A different kind of victory


Results | World standings | Photos | Archive

Ross Coleman left the Professional Bull Riders Built Ford Tough Series World Finals in Las Vegas with $21,500 in prize money, a few bumps and bruises and an award that had nothing to do with his riding and everything to do with his heart.

The 29-year-old Coleman, of Molalla, Ore., learned during the finals that his event on the U.S. Smokeless Tobacco Challenger Tour was voted the outstanding Challenger Tour event of the year.

The award was voted on by the bull riders who compete on the Challenger Tour — a stepping stone to the PBR's elite Built Ford Tough Series. The event, held in August, attracted many of the top riders from the Built Ford Tough Series, including past world champions Justin McBride and Mike Lee, J.B. Mauney, Brian Canter, Sean Willingham, and Luke Snyder.

Rising star Travis Briscoe of Edgewood, N.M., won this year's event.

Coleman started the Ross Coleman Invitational three years ago after learning his longtime friend, Jack Peterkin, had been diagnosed with cancer.

"He had cancer and he wasn't doing very good financially and health-wise at the time," Coleman said. "So we put on this bull riding as a fundraiser and we made a bunch of money that helped pay his bills.

"The bull riding went so good and the community got so involved in it that we decided to do another one the next year and we've been going ever since," he said.

Molalla is a town of about 6,400 residents located 35 miles south of Portland.

Peterkin beat his cancer, and the past two years, the money raised from the Ross Coleman Invitational has gone to the Make-A-Wish Foundation of Oregon. Make-A-Wish is a nonprofit organization that is dedicated to granting wishes to children facing life-threatening conditions.

In two years, the event has raised more than $127,000.

Just before the start of the PBR World Finals, Coleman was honored by the Oregon Make-A-Wish Foundation at its annual gala with the "Katie's Star" award, the top award given by the organization. The award is named for Katie Morris, a 13-year-old Oregon girl who died of brain cancer in 2007.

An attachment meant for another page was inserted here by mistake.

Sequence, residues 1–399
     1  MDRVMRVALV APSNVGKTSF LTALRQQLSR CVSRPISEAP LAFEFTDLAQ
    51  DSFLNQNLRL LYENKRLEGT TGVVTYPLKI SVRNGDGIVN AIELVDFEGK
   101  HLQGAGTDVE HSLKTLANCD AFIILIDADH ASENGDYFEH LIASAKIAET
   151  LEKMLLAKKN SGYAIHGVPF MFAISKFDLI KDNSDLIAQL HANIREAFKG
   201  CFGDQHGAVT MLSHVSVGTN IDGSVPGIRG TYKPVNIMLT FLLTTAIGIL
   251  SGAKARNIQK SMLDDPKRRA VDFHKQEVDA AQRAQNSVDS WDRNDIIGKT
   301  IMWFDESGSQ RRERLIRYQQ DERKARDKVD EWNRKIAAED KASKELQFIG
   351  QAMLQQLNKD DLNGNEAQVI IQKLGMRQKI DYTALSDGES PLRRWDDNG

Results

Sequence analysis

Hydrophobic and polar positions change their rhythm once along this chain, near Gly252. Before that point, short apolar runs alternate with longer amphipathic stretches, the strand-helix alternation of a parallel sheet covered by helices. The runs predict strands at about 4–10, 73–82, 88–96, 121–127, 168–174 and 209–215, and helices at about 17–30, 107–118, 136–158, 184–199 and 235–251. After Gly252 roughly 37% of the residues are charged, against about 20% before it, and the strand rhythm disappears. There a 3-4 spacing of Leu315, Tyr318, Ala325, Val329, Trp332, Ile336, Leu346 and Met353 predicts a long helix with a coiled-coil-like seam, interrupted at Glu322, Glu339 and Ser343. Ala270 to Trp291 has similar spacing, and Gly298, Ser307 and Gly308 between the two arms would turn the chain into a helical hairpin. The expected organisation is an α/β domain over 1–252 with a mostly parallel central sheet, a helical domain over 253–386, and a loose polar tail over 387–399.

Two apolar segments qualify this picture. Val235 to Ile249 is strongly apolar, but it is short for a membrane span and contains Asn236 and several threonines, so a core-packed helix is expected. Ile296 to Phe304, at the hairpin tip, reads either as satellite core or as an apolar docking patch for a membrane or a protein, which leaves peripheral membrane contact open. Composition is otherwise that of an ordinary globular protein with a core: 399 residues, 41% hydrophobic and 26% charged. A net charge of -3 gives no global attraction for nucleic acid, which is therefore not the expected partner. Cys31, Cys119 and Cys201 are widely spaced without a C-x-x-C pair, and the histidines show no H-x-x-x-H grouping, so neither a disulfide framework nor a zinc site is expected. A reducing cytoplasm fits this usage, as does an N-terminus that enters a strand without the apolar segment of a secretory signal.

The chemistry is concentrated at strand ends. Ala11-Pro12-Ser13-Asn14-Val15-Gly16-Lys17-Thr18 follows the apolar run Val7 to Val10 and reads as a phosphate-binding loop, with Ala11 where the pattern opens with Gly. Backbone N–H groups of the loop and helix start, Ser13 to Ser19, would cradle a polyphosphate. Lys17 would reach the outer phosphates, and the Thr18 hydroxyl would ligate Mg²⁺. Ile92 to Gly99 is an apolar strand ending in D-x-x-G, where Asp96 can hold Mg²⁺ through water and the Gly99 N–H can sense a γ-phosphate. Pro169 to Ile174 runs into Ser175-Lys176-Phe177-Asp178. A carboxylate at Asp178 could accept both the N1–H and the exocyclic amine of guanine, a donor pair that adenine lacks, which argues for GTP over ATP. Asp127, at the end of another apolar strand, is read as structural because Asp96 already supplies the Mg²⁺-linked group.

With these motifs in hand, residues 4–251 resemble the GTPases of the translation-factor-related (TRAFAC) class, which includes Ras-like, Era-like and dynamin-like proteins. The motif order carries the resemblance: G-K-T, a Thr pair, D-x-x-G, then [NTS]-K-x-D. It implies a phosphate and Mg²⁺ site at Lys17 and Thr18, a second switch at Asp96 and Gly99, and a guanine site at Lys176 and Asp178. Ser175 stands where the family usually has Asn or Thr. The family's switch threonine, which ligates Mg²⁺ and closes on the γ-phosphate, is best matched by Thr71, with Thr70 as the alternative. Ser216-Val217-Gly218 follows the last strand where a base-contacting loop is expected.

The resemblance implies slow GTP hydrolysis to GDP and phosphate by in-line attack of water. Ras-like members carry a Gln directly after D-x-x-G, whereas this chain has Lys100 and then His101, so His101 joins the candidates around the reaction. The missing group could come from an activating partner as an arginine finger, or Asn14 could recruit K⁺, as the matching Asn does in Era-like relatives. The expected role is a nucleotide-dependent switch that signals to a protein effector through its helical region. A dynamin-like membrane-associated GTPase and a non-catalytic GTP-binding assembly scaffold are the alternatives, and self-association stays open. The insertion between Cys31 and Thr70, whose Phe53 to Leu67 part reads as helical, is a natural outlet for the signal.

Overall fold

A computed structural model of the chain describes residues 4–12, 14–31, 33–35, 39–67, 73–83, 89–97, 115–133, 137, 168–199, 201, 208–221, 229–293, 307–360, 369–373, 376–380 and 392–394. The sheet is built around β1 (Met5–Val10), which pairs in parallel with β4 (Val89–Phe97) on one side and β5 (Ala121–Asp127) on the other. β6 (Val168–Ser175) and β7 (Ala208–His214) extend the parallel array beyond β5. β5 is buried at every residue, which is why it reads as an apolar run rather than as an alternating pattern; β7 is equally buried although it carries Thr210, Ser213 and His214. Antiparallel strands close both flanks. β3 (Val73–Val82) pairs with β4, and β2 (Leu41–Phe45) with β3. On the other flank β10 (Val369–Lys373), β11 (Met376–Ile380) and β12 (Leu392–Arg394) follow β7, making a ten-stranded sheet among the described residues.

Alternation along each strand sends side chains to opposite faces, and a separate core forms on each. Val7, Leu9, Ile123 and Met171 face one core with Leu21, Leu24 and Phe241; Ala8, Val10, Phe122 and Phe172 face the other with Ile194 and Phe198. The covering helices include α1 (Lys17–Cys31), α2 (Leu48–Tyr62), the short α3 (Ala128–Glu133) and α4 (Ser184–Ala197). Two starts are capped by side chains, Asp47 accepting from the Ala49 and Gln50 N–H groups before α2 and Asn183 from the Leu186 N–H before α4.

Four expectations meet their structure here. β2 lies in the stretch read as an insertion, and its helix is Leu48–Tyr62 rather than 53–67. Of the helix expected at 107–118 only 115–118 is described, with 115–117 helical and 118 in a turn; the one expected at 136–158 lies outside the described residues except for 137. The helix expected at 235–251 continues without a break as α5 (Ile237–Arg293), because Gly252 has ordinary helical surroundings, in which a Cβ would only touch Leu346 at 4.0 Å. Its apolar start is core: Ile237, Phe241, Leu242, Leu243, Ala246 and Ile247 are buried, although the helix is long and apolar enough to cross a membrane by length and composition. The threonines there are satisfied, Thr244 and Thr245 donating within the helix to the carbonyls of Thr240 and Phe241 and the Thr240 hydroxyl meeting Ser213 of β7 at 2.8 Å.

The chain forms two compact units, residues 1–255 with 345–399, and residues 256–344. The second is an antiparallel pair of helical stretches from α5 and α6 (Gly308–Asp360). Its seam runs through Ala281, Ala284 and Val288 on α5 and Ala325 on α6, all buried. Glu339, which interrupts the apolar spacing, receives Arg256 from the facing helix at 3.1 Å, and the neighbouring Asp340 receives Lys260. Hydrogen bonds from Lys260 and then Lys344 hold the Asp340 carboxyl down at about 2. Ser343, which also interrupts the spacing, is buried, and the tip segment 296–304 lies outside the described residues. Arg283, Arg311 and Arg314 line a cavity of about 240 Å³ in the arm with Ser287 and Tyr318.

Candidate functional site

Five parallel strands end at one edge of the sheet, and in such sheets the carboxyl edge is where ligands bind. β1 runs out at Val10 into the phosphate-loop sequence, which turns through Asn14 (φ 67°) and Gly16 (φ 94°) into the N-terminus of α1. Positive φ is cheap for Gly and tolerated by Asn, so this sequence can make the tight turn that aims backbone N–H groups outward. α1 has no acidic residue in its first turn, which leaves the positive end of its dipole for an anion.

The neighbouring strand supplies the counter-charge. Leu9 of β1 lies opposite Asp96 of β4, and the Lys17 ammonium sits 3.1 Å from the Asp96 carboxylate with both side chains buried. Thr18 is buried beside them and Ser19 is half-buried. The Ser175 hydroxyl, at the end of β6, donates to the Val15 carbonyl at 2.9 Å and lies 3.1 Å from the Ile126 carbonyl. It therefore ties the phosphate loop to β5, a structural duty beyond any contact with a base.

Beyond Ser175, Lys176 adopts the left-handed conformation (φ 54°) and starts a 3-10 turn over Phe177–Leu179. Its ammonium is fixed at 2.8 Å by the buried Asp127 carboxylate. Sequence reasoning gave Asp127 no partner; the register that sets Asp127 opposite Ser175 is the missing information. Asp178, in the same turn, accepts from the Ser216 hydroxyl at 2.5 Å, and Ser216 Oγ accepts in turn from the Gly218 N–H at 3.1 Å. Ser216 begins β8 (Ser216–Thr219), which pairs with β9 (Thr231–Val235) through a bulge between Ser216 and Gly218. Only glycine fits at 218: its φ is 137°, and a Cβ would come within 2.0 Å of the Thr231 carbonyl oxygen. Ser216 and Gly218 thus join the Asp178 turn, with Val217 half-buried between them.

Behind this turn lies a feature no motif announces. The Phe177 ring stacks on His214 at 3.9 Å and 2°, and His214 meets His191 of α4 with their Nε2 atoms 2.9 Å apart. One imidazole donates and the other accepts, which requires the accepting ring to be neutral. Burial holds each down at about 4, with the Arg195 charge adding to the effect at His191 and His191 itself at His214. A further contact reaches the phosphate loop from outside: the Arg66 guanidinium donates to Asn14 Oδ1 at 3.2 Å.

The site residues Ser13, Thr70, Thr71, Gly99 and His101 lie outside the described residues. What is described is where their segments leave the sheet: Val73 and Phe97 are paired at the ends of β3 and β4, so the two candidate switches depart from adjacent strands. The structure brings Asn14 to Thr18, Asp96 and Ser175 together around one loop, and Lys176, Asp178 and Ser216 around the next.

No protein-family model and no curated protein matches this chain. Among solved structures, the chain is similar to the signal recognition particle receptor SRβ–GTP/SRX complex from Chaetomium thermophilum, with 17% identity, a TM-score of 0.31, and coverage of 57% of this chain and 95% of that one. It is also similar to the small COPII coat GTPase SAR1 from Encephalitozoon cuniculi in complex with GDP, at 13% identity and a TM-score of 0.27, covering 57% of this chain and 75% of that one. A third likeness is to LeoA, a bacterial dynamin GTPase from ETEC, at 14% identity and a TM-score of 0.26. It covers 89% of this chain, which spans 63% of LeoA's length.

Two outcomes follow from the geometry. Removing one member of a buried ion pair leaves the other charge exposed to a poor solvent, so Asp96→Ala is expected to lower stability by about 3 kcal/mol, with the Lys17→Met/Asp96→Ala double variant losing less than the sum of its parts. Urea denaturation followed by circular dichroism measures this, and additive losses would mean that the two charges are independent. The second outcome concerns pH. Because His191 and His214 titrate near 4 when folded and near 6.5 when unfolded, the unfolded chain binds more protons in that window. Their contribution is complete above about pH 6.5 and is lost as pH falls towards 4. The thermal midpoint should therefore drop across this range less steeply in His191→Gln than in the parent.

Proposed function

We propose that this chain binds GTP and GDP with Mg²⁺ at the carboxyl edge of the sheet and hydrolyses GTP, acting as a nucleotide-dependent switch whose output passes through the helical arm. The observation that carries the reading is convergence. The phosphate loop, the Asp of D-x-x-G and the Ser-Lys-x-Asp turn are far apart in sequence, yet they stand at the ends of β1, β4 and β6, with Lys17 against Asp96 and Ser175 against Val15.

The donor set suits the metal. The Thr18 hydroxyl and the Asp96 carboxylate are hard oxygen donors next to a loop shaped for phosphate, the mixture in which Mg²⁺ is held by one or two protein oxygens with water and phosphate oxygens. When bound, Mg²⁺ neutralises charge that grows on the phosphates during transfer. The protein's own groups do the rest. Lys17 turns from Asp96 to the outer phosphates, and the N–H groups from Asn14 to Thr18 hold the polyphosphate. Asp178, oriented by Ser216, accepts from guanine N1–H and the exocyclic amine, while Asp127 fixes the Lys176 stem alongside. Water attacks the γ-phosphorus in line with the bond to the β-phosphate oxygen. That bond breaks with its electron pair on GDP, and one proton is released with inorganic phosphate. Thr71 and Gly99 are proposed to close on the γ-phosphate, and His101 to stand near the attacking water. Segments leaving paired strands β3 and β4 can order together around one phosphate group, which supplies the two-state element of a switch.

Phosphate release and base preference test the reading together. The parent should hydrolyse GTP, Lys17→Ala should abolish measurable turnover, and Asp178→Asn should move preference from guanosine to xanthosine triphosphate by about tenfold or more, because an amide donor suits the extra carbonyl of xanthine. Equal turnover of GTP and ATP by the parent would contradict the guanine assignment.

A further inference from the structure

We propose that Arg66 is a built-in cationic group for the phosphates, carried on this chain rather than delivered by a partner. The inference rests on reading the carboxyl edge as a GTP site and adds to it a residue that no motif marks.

"I've won a bunch of different awards riding bulls, but man, that really meant a lot to me," Coleman said.

Coleman said August is always a busy time of year for him, but he has a great group that organizes the event to ensure a top-quality bull riding experience for riders and fans alike. Peterkin's sister, Lisa Banyard and Kristy Wheeler, both of Like That Productions, help produce the event for Coleman.

"They do so much damned work," he said. "They've worked their butts off the past two years to make sure it's a quality event."

He said it will continue because he has seen the good it does on a personal level.

"The best part about it was that my buddy, Jack Peterkin, he fought cancer and beat it, and now he's doing good ... and he's going to be a dad in a couple months," said Coleman, who recently became a father for the first time. "That's a great thing."

As for Coleman, he plans to be back on the Built Ford Tough Series when the 2009 season starts Jan. 2-3 in Baltimore, Md.

His performance in the just-completed PBR World Finals didn't match up to his own high standards for himself, but he did split first place in the third round of competition with his longtime friend Brendon Clark, and walked away with $21,500 for the effort. He finished ninth in the final BFTS standings with $110,710 in earnings.

He said he is looking forward to the season.

"I've got to make some more money," he said.

Results | World standings | Photos | Archive